Thursday, 31 July 2014

Post-secondary education may not be for everyone, columnist suggests

Here's an interesting perspective on post-secondary opportunities. Of course there are broader issues of social inequality. Also, colleges and universities must evolve and rethink what they value, what they teach, how they teach, how they evaluate and how they might mitigate the alienating disconnect between classrooms and students' lives, and between campuses and the world students live in.

Tuesday, 17 June 2014

To ban or not to ban laptops, that is the question

Different approaches to the question of laptops in the classroom

Here's part of a debate that's ongoing in many or most schools and campuses. Tech tools are increasingly embedded in everyday practices across age groups, social classes, schools, and nations around the globe. n today's technology-dependent social, cultural and educational environments, how relevant is the question of banning laptops from the classroom?

Robert Talbert's article opens with a link to Dan Rockmore's in The New Yorker. The language of "banning" reveals an inflexible authoritarianism that is an education in itself. Talbert's response is a reminder that there's more to relevant education and learning tools than can sometimes be readily viewed from the front of the lecture hall.

Monday, 16 June 2014

Everything old is new again

Social inequality is at the root of retention 

Is the issue of retention really more a concern about student welfare, or is it more a problem for schools? Affordable tuition and education costs, empathetic and effective services for students, and relevant learning processes made possible by spending allocations that prioritize human capital as well as learning technologies - all these would go a long way toward decreasing the social and economic inequalities at the bottom of retention issues. Meanwhile, everything old is new again...depending on education trends, budgets, and spending priorities.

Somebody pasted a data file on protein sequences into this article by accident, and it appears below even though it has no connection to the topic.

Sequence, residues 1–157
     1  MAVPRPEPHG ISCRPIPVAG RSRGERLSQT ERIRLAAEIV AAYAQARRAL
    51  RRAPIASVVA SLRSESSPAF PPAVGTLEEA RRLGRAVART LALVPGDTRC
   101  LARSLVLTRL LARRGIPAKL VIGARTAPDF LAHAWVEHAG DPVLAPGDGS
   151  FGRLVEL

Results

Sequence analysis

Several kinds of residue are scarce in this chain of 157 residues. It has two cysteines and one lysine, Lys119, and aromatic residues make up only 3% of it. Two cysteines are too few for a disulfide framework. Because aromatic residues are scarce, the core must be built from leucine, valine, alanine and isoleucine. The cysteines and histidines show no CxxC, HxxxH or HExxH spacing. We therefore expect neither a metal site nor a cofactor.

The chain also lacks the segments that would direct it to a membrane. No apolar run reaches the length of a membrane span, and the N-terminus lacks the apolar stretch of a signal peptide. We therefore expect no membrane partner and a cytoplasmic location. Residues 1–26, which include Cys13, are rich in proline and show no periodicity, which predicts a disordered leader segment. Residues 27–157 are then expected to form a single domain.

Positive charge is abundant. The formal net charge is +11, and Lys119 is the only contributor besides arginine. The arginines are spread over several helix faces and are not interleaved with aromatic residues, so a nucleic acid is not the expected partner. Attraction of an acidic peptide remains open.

Here's an Academica Top Ten (16 June 2016) summary of an article focusing student success courses, retention alerts, "passionate professors," followed by a link to the original article:

US college mobilizes faculty as "secret weapon" in student retention
North Carolina Southwest Community College has mobilized its faculty to help improve its student retention rate. The college brought passionate professors on board with what it calls "Retention Action Committees," small task forces created to help generate specific goals to help retain students. The groups developed initiatives including a revival of a mandatory first-year student success course and a retention alert process that notifies faculty when concerns arise. Faculty were enthusiastic participants and helped champion a "cultural shift" across campus. "Improving retention and completion is a responsibility that belongs to us. It's not just something that resides in student services," said NCSCC VP Instruction and Student Learning Thom Brooks. American Association of Community Colleges News

To remain relevant, learn to adapt

Adapting technology for learner-driven education

As technology moves more and more to the centre of cultural practices, teachers must make room to enable learner-driven processes to move more and more to the centre of teaching and learning practices. The teacher who resists technology and remains inflexible in the face of cultural change courts irrelevance.

Here's a summary of an interesting article on adaptive learning published in Inside Higher Ed, followed by a link to the source: